Monday, October 19, 2020

Is Your Diversity & Inclusion Training Program in Peril?

Author: Bridget Romero


Many employers have implemented Diversity & Inclusion (“D&I”) programs over the last few years, often including training on topics such as implicit or unconscious bias. For some employers, those efforts may now be in peril. On September 22, 2020, the White House issued Executive Order 13950 entitled “On Combating Race and Sex Stereotyping” (“EO 13950 ” or “order”). The order’s stated purpose is “to combat offensive and anti-American race and sex stereotyping and scapegoating.” Private employers are not covered by EO 13950, but federal contractors and subcontractors (and recipients of federal grant monies) are prohibited from promoting “divisiveness” by using any workplace training that “inculcates in its employees any form of race or sex stereotyping or [ ] scapegoating.” According to the order, the following specific concepts are considered “divisive” and are therefore prohibited in workplace trainings:
  • one race or sex is inherently superior to another race or sex;
  • an individual, by virtue of his or her race or sex, is inherently racist, sexist, or oppressive, whether consciously or unconsciously;
  • an individual should be discriminated against or receive adverse treatment solely or partly because of his or her race or sex;
  • members of one race or sex cannot and should not attempt to treat others without respect to race or sex;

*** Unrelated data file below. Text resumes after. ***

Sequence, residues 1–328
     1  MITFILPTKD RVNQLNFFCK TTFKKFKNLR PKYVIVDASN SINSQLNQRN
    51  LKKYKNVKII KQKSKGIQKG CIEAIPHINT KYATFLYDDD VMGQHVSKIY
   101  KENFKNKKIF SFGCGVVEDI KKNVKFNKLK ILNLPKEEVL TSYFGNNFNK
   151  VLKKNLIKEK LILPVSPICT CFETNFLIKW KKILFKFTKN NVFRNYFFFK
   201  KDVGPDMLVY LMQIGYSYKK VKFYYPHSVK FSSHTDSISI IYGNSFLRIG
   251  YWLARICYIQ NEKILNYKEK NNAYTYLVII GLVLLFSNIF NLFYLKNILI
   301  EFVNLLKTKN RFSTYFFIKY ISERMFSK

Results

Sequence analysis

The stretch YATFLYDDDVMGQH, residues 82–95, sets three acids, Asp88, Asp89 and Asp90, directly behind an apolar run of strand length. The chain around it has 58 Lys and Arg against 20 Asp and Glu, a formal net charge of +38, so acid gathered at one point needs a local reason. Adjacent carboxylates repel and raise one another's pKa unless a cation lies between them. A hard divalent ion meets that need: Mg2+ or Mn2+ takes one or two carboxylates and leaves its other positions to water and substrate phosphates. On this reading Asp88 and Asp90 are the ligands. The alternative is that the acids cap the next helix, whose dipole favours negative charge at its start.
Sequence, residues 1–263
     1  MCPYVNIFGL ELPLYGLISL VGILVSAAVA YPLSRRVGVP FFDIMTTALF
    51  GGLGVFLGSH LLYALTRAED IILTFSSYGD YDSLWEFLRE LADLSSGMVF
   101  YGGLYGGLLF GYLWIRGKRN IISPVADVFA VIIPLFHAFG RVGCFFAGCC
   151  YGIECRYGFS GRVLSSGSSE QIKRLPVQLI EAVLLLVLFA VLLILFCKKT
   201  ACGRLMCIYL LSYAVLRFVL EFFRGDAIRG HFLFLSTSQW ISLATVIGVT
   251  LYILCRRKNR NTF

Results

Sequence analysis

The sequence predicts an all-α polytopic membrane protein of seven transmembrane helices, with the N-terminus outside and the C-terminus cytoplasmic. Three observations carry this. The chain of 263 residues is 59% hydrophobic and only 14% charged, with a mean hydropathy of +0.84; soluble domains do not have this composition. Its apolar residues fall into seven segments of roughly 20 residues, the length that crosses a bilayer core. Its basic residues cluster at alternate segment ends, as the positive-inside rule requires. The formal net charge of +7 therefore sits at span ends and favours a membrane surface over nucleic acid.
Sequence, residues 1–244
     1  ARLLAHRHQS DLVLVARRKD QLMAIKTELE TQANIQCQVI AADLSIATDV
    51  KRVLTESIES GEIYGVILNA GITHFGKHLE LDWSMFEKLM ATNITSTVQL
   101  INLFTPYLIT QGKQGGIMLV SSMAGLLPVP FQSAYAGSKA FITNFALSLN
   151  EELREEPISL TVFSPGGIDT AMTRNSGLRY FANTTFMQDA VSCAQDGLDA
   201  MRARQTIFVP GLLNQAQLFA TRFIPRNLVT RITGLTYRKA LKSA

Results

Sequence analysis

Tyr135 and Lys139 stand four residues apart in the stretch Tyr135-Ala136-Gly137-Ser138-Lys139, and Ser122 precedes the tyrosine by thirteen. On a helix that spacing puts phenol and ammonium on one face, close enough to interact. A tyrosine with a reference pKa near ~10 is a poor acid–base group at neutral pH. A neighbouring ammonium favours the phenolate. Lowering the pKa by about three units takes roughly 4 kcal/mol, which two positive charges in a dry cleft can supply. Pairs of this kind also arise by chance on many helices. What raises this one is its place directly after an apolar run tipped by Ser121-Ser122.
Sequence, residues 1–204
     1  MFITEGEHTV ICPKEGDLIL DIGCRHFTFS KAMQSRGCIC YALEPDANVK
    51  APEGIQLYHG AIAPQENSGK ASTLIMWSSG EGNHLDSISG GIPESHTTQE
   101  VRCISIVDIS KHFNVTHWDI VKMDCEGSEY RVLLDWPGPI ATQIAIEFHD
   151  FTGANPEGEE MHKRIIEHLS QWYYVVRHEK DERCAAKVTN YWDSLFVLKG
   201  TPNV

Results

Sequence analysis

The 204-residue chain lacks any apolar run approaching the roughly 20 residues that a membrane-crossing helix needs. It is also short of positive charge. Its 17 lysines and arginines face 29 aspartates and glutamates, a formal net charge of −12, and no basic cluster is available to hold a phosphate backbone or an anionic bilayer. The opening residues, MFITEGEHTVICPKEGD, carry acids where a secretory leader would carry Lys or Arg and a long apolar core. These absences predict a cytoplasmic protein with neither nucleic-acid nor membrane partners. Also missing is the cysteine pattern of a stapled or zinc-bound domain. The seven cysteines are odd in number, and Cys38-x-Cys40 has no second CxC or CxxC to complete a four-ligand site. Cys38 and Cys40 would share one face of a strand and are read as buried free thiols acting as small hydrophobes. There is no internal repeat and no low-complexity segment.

• an individual’s moral character is necessarily determined by his or her race or sex;
  • an individual, by virtue of his or her race or sex, bears responsibility for actions committed in the past by other members of the same race or sex;
  • any individual should feel discomfort, guilt, anguish or any other form of psychological distress on account of his or her race or sex; or
  • meritocracy or traits such as a hard work ethic are racist or sexist, or were created by a particular race to oppress another race.

Race or sex scapegoating is defined by EO 13950 to include “any claim that, consciously or unconsciously, and by virtue of his or her race or sex, members of any race are inherently racist or inherently inclined to oppress others, or that members of a sex are inherently sexist or inclined to oppress others.” The language of the order is quite broad and it is plausible that aspects of some D&I trainings could be interpreted to violate the order. 

Presumably in an effort to clarify questions surrounding EO 13950, on October 7, 2020, the Department of Labor’s Office of Federal Contractor Compliance Programs (“OFCCP”) issued a series of Frequently Asked Questions (“FAQs”). Although many aspects of EO 13950 remain unclear, FAQ No. 6 states that the order prohibits unconscious or implicit bias training only “to the extent it teaches or implies that an individual, by virtue of his or her race, sex, and/or national origin, is racist, sexist, oppressive, or biased, whether consciously or unconsciously.” FAQ No. 6 goes on to state that training “is not prohibited if it is designed to inform workers, or foster discussion, about pre-conceptions, opinions, or stereotypes that people—regardless of their race or sex—may have regarding people who are different, which could influence a worker’s conduct or speech and be perceived by others as offensive.”